Today, just as the day was beginning to break and nature beginning to awake to another gloriously wonderful day here in God’s earthly home, Cobb County, I was walking in the vicinity of the back of the East Cobb Library, in Parkaire Landing, on the final leg of my morning walk.
From the patch of woods between there and the first house on Johnson Ferry, I heard the haunting cry of a whip-poor-will. I can’t recall the last time I heard a whip-poor-will. The sound immediately thrust me back some seventy years in the past. Suddenly I was lounging, while my maternal grandparents enjoyed the lulling rhythms of their respective rocking chairs, on the front porch of a weathered farm house, in Taylor County, Texas, as America sat, poised and unknowing, on the brink of losing its virginity in the terrible, massive bloodletting known as World War II.
The sweltering West Texas heat dissipates little at sundown, but we were sometimes blessed with a little breeze making sitting outside far preferable to being cooped up in the house, which had been absorbing the brutal heat all day, and would not begin to cool down until the wee hours of the morning, and, then almost imperceptibly, as if thinking “What’s the use/? The sun will be back shortly.”
Sitting on the porch, after dusk, one is beguiled by the plaintive songs of the whip-poor-will and the Bobwhite quail. Occasionally a lone coyote will add his voice to the mix. One can be at peace with God and himself in those times.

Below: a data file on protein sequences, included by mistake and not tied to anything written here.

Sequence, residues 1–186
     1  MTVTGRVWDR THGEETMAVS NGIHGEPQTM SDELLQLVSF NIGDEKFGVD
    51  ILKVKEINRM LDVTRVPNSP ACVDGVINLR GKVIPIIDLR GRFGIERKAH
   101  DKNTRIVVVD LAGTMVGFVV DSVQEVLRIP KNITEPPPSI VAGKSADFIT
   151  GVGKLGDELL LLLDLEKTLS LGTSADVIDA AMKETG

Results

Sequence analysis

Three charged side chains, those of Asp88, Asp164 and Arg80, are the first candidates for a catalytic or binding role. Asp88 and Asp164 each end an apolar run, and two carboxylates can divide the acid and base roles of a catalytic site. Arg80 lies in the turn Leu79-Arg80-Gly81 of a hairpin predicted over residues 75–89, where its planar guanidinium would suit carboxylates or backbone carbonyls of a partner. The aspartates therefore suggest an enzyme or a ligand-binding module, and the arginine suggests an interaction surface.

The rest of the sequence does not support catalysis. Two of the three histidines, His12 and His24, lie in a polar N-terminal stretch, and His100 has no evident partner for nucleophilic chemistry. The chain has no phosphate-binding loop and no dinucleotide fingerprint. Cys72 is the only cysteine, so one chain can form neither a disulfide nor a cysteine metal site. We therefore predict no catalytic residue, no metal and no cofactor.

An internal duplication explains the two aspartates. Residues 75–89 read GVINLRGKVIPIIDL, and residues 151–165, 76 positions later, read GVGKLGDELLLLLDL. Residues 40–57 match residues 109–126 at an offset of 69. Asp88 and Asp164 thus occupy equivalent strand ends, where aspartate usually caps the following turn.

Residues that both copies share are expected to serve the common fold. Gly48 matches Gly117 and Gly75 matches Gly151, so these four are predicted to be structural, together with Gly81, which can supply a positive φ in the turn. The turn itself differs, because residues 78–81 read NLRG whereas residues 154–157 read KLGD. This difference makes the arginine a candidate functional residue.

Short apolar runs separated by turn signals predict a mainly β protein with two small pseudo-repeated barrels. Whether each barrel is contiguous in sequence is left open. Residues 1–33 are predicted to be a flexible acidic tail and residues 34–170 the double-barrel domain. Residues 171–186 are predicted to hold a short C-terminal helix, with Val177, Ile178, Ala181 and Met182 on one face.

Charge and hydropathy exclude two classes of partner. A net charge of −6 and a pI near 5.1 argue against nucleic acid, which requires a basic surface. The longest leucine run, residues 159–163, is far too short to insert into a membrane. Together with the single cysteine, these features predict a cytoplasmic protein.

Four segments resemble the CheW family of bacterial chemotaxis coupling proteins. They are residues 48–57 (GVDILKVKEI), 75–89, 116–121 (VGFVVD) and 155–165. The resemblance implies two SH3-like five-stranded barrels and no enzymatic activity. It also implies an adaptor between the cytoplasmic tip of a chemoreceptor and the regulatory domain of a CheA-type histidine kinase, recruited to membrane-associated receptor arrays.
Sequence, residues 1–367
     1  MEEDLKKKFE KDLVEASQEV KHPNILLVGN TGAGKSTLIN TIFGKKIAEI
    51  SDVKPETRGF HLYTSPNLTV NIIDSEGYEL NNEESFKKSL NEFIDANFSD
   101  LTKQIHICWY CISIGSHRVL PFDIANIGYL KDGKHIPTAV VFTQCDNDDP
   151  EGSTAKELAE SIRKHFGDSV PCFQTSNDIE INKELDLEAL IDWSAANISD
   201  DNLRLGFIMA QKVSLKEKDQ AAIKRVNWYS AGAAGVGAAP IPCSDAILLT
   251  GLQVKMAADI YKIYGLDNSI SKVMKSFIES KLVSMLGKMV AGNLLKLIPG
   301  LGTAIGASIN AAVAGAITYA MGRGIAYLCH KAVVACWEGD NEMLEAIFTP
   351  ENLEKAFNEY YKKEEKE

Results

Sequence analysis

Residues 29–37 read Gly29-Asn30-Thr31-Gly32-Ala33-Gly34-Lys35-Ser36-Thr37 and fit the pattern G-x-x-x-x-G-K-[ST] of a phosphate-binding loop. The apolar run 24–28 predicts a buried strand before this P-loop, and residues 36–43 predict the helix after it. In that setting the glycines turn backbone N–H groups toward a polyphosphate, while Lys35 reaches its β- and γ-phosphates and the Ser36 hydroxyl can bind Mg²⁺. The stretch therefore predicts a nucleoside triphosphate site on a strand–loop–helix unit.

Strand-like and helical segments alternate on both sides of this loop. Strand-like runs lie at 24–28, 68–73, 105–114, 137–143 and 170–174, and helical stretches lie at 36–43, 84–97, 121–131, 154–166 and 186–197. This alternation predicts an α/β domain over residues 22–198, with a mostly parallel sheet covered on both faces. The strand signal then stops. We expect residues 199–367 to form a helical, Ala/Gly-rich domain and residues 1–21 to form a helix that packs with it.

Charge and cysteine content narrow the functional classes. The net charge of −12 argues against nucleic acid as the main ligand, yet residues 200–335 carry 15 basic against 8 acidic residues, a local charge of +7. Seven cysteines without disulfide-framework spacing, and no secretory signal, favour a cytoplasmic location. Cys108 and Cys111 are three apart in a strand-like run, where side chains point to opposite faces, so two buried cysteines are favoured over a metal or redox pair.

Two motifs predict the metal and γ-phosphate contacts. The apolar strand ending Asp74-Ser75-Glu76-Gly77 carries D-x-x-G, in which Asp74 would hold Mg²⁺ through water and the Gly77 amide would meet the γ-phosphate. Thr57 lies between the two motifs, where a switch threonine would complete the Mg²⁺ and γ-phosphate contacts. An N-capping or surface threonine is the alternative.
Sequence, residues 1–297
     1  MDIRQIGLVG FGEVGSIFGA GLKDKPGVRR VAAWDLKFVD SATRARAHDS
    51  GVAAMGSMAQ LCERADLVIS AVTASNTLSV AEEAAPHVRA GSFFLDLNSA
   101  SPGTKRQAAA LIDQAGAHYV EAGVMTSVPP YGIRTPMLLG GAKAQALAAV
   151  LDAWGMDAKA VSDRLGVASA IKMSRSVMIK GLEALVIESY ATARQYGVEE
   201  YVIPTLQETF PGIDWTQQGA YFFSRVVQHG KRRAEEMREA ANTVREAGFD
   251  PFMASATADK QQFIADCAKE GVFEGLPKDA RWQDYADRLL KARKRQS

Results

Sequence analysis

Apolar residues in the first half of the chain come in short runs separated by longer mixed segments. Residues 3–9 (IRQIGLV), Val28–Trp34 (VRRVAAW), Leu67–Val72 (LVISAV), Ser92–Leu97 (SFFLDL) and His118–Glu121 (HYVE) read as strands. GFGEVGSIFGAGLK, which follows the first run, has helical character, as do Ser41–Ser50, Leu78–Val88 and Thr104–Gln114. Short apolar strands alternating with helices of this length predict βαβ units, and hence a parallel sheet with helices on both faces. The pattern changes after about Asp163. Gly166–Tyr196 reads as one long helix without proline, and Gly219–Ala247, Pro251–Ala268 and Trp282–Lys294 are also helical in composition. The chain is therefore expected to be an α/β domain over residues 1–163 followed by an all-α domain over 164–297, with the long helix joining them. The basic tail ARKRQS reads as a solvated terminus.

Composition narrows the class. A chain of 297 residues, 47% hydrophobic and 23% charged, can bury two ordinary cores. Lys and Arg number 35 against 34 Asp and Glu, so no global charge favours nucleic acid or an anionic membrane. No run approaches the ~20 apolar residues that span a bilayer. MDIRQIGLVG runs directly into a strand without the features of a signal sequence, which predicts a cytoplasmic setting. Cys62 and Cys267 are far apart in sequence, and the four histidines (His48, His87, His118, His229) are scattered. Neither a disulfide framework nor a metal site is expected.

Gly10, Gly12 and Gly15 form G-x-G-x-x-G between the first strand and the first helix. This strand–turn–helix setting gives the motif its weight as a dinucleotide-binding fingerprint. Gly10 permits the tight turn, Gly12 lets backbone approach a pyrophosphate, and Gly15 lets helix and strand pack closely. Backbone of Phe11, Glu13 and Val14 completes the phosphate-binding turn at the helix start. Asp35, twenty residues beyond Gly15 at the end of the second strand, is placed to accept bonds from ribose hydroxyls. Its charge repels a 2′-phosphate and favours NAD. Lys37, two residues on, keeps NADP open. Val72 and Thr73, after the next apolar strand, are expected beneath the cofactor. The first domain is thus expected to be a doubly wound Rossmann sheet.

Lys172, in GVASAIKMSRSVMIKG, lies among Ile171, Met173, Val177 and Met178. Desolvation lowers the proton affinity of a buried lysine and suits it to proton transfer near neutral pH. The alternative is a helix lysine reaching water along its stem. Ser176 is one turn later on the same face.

The scene is more than familiar to those who are over half a century old, though they may not have enjoyed the whip-poor-will, the quail or the coyote. Those residing in rural areas most generally did, as all three are common throughout the continent. The march of civilization has forced them to the outskirts, and, in some areas, led to their localized extinction.
That is why it was such mind grabbing surprise to hear the whip-poor-will this morning. I guess my mind, quite without my being aware, had relegated that haunting call to the dark place where it stores those precious things we shall never experience again.
I am grateful to it because, for a brief few minutes, my memory was in the clutch of long bygone time, a time of youth, wonder and innocence, a time of lazy summer evenings, cold buttermilk, leftover turnip greens and pan fried potatoes, a time of homemade ice cream at the church picnic and cold watermelon fetched from a tub of water under the porch, a time of “lightenin’ bugs”, stilts and can walkers, of marbles, pocket knives and mumbledy peg, of rubber guns and tops spun with a string. It was there I tried to remain for as long as possible.
For those who never heard that trilling sound of the whip-poor-will, the Bobwhite quail or the coyote, in the dusk of eve or the false dawn of the early morn, I shed a silent tear.
Hank Williams described it best in his 1949 country hit. “I’m So Lonesome I Could Cry”, as he leads in with "Hear that lonesome whip-poor-will. He sounds too blue to fly.”
For my Tuesday morning whip-poor-will and for the memories his call invoked, “I’m eternally in your debt, little bird. May the insects be juicy and nourishing and may you live to sing another day. If not for me, perhaps for some other soul badly needing to be torn from today and thrust into yesterday to relish in its peace and simplicity, if only for a brief inking of time.”